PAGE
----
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Port to host butterfly party in new garden PDF Print E-mail
Daily News
Written by KRISTYN HALBIG ZIEHM   
Wednesday, 23 August 2017 18:58

Saturday event featuring monarch release, demonstrations is part of mayor’s effort to encourage the creation and protection of threatened pollinators

    Butterflies will fly on gossamer wings through downtown Port Saturday, Aug. 26, as the city’s Environmental Planning Committee holds a monarch party.
    The party will run from 1 to 2 p.m. in front of City Hall, where a butterfly garden has been planted.
    Hundreds of monarch butterflies raised by Shelly Culea will be released during the event, Mayor Tom Mlada said.
    Participants will also be able to see exhibits on the various stages in a monarch’s life, from egg to larva to caterpillar, as well as the chrysalis and finally the mature butterfly.
    There will be demonstrations on how to tag a butterfly and information about raising monarchs and what plants will attract and feed them.
    A butterfly cake and ice cream will also be part of the event.
    The party is part of the “Mayor’s Monarch Pledge,” approved earlier this year by the Common Council.
    It’s a pledge that was eagerly taken up by the Environmental Planning Committee, Mlada said, particularly by Culea and fellow committee members Freda van den Broek and Jon Crain.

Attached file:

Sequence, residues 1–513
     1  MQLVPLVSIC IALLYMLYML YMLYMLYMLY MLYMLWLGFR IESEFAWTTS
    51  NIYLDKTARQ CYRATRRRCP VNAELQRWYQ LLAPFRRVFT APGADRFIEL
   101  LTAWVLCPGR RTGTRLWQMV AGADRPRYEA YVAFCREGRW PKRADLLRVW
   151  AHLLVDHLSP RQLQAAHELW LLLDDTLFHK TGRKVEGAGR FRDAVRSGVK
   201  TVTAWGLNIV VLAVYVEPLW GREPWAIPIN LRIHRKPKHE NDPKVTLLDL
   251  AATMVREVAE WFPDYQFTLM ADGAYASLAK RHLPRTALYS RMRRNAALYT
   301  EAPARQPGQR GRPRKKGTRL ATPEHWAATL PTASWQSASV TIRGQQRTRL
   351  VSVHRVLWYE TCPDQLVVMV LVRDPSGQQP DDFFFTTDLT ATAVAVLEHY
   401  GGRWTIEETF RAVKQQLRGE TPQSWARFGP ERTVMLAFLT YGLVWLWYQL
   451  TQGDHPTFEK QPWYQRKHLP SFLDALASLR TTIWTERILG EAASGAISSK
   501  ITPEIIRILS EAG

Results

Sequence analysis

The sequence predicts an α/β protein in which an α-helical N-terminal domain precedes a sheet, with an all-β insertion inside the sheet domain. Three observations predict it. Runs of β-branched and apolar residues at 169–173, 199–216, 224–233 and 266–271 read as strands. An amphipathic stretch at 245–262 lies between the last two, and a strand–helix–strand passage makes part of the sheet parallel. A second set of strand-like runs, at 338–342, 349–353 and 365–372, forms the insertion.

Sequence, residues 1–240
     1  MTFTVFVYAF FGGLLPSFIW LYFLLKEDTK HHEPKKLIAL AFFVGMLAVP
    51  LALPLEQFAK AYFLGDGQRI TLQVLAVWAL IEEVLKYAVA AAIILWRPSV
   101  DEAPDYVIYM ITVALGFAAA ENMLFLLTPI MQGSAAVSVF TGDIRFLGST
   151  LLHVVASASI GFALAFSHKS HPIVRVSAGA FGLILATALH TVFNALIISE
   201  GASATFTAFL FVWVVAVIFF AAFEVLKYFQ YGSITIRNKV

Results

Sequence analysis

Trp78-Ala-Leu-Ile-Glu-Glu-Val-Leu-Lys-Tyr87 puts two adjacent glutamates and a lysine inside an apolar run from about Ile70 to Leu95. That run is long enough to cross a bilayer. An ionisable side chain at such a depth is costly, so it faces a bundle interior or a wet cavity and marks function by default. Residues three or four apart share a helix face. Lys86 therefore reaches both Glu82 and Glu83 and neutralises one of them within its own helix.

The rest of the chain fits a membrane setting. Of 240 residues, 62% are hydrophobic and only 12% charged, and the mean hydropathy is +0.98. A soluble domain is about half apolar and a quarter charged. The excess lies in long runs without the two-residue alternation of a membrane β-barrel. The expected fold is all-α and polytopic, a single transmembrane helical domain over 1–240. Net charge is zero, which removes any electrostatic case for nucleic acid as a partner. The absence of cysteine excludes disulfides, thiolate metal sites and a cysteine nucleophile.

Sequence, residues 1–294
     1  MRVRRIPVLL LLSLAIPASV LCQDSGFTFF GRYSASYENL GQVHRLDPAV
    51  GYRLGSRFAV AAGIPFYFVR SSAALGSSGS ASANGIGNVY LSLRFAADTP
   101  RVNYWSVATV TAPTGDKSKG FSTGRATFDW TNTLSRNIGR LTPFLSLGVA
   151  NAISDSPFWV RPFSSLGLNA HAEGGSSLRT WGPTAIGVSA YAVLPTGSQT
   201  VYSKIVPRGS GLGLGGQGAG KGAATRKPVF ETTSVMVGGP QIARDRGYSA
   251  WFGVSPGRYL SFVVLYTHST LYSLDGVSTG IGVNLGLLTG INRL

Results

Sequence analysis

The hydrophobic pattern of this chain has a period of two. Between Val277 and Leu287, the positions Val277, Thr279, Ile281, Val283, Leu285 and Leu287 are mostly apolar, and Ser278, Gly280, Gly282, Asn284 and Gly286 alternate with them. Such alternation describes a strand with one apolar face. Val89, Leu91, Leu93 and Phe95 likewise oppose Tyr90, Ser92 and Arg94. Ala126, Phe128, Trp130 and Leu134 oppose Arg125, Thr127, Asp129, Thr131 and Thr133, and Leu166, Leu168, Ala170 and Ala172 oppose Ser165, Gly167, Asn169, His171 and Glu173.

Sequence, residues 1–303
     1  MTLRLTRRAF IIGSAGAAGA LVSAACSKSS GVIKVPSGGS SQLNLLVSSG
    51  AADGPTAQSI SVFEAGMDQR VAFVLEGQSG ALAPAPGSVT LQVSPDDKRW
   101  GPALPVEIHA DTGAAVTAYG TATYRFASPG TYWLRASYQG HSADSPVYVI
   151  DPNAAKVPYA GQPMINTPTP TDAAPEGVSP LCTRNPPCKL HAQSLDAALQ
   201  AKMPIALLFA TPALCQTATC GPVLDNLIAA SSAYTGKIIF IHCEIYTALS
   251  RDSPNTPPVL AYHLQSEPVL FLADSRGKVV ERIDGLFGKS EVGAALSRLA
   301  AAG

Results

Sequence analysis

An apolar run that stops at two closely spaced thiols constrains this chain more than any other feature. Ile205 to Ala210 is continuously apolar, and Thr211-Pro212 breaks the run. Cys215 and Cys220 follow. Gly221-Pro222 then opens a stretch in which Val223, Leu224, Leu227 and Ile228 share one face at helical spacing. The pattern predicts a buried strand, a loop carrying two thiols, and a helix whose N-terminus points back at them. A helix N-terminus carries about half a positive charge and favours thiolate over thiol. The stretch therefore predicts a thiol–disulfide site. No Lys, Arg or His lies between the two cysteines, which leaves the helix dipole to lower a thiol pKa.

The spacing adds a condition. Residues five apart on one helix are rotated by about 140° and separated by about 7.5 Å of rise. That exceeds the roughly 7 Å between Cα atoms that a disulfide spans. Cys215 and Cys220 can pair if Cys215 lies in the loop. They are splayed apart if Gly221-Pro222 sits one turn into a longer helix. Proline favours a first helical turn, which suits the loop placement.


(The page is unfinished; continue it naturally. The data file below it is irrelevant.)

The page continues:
Mlada proposed the council approve the pledge, noting the butterfly is a prolific pollinator as well as an iconic insect known for its black and orange markings.
    The butterfly migrates roughly 2,300 miles annually, heading from the northern United States and Canada to Mexico in fall.
    But, Mlada noted, monarchs are also a threatened insect. The resolution approved by the Common Council says that the World Wildlife Fund found the North American population has declined by 90% over the past 20 years and the winter colonies in Mexico cover only 1.65 acres of forest, compared to the almost 45 acres they occupied in 1996.
    A major reason for the reduced population — a lack of milkweed, the only plant monarchs lay their eggs on and a primary source of food for the larva.
    The council resolution urges people to build and protect monarch habitats, including milkweed, so the monarch population can return to its previous levels. Daily Press